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Combining EFT with Humor
Dear EFT Community,
Humor in an EFT session signals that we are making progress (when we can laugh at an issue, it means we have worked through the trauma associated with it) and also serves as a guide for reframing, in order to look at the issue from a different perspective, which is part of healing. Dr. Alexander Lees from Canada writes about the use of humor in a subject one wouldn't ordinarily associate humor: fear of terrorism. In "taking the light road," Dr. Lees helps the client lighten his load. This case also highlights an important point about core Issues; they are not always relics from the past.
Perhaps it's because my office is located two streets from the Canada/US border, or perhaps it's something else, but whatever the reason, I have many clients from the Seattle area. As soon as they clear customs, they turn left, and drive down a quiet country lane to my office. "Ron," a new referral, was sitting in my office lamenting the border line-up. As is often the case, presented concerns are expressions of a deeper issue, a core issue, and it is the resolution of the core issues that allows the most change and emotional growth to occur.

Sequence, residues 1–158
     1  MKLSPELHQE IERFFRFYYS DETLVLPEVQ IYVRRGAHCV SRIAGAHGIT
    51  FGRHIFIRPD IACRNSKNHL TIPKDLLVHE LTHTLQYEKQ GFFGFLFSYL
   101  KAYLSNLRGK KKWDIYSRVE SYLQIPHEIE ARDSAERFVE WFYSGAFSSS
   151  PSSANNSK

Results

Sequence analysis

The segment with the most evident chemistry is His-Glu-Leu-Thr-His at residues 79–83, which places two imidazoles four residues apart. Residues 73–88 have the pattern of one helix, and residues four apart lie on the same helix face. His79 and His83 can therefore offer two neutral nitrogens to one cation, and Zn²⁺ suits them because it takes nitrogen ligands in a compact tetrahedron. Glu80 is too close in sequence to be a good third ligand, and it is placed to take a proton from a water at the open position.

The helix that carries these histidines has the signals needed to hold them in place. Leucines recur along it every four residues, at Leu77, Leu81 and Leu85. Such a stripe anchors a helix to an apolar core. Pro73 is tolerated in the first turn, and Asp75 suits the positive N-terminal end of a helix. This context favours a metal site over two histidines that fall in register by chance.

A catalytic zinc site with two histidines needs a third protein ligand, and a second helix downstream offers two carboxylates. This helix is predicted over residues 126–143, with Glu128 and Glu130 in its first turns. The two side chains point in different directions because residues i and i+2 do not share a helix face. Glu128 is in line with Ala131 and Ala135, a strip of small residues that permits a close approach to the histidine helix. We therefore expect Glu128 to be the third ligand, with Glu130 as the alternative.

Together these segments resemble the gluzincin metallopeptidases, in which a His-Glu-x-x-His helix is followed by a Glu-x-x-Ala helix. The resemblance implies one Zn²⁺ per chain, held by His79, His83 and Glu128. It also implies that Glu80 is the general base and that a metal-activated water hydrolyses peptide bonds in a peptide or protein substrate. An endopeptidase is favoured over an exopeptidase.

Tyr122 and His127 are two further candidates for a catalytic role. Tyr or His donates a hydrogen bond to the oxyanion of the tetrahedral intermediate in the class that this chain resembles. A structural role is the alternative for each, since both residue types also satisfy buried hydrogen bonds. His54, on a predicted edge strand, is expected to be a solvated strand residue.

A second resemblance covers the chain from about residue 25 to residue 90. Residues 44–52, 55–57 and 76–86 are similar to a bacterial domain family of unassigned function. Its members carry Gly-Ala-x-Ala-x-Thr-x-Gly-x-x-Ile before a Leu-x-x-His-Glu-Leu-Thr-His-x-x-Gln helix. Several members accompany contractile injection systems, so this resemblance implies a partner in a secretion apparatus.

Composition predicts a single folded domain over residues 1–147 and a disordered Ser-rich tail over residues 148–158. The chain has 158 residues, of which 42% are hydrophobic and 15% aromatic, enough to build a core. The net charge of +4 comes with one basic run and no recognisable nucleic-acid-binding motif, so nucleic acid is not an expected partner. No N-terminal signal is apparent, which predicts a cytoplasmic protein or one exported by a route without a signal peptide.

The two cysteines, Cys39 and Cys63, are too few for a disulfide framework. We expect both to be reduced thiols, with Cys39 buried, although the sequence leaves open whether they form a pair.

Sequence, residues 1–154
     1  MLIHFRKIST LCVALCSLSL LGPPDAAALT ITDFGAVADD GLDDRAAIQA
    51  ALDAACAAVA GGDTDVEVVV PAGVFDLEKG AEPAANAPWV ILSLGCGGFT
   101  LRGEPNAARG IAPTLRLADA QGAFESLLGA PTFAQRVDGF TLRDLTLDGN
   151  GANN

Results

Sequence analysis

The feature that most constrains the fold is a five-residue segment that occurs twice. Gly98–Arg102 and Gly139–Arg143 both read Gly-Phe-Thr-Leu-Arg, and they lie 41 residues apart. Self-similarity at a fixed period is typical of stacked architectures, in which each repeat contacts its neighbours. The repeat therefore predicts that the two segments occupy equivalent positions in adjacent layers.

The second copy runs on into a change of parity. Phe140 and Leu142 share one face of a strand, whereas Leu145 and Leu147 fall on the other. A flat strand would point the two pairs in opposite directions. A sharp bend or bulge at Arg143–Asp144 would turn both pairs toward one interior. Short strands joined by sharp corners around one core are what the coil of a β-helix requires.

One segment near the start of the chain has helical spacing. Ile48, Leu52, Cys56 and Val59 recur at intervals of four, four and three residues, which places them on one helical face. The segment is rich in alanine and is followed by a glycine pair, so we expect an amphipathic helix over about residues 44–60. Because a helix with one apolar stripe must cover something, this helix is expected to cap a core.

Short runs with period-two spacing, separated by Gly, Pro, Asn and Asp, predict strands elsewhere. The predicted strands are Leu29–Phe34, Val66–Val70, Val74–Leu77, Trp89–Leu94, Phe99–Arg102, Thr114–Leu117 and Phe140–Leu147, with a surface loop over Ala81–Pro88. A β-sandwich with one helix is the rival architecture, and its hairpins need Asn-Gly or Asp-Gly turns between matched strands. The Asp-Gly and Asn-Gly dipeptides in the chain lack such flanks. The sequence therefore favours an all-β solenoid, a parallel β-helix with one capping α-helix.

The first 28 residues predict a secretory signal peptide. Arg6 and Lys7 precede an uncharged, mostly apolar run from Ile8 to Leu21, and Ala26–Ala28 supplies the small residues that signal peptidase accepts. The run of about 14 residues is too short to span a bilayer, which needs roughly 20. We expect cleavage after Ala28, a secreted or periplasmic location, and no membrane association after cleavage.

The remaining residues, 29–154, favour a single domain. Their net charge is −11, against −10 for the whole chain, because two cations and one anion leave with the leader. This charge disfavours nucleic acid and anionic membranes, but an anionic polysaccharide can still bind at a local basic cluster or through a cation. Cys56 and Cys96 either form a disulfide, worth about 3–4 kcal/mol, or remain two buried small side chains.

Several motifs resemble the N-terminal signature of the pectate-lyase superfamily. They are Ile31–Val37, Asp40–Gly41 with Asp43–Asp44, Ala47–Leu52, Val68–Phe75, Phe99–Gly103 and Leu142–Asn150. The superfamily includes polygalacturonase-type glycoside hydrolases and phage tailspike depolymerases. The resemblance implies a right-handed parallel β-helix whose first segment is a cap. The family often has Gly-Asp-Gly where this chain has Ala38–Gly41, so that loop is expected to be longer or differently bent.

One of the traps of learning to go after the core issue is the assumption that core issues occur in time, and future events are coloured by them. It really isn't that rare an occurrence when something happens in the present and in turn biases or contaminates memories of the past. In these cases, the now occurrence (or occurrences) is the core issue(s). This turned out to be one of those cases.
Ron continued, "It was less than a two-hour drive up here, but it took another hour to clear customs. Boy, they sure are edgy these days," he commented. Before I could respond, Ron continued, "My friend Jeff, that referred me, said it's a heck of a lot worse returning to the States. He was asked for his passport, and he was born in Washington! Well, he didn't have it with him, and it took him two and a half hours to get an okay to drive home."
We spent the next 10 minutes delightfully trashing the bureaucracy involved, and then Ron cited the reason for his visit.
The Presented Issue